As the legal battle between Ripple and the United States Securities and Exchange Commission (SEC) continues to attract the attention of the cryptocurrency community and beyond, the regulator has filed a new argument to support its summary judgment motion.
Specifically, the SEC has filed a letter of supplemental authority in further support of its pending Motion for Summary Judgment to Judge Analisa Torres, as shared by the pro-XRP U.S. defense lawyer and popular commentator on the case James K. Filan in a tweet posted on April 11.
In the letter, the SEC refers to the opinion issued by a District of Massachusetts court on April 7, in which it grants the financial watchdog’s motion for summary judgment and denies the cross-motion for summary judgment by the defendant, the brokerage firm Commonwealth Equity Services.
Basis for denying ‘fair notice’ argument
According to the agency, this opinion supports the SEC’s case against the blockchain company, as it refers to the alleged violation of federal securities laws, as well as including the ‘fair notice’ argument by the defendants in both cases, but which was denied by the court in the lawsuit against Commonwealth.
In the SEC’s view, the 50-year-old Supreme Court precedent was enough to be considered as a ‘fair notice’ in the case against Ripple, as it was regarded as the same by the Massachusetts court, which ruled in favor of the SEC.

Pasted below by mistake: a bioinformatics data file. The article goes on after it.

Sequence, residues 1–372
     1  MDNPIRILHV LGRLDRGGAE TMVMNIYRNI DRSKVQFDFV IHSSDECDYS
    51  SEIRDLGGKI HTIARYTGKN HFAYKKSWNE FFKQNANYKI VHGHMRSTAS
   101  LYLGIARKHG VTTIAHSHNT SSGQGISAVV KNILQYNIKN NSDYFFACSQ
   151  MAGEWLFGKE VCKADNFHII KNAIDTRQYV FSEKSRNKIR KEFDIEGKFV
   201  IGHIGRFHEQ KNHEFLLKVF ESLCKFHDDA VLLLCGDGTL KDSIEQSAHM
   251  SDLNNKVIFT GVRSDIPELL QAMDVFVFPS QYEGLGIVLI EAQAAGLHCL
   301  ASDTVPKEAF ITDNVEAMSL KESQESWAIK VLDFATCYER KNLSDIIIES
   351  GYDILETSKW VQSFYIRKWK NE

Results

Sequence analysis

“First, its holding that longstanding Supreme Court precedent can provide fair notice is identical to the SEC’s position in this case: that Howey and its progeny provided Defendants with sufficient fair notice to defeat their constitutional defense.”
In conclusion, the Massachusetts court’s decision offers “additional authority for rejecting Ripple’s fair notice defense and granting the SEC’s motion for summary judgment,” as the letter written by Benjamin J. Hanauer, the counsel for the SEC, reads.
Legal experts disagree
At the same time, lawyer Bill Morgan brushed off the newest letter by the SEC’s defense, arguing there were no similarities between the two cases and that there was no reason for concern. As he stressed in his tweet on April 12:
“If you think that there is fact similarity in selling an asset like XRP in a market which is 13 years old to buyers to whom it owed no post-sale obligations, & a case in which an investment adviser failed to make all necessary disclosure of potential conflicts of interest from which it benefitted to retail investor clients to whom it owed fiduciary duties and whose funds it managed, feel free to be anxious (…).”
Elsewhere, banking law expert Todd Phillips has brought to the attention an issue with the use of the Howey Test to determine what is or isn’t an investment contract, because it requires “a contract, post-sale legal obligations, and the right to share profit,” and that using this argument could lead the SEC to lose its “war against crypto,” as Finbold reported on April 10.
As things stand, the XRP token is currently changing hands at the price of $0.50, which demonstrates a drop of 3.12% in the last 24 hours but a 0.12% increase over the week, as the digital asset holds on to the gains of 35.53% achieved on its monthly chart.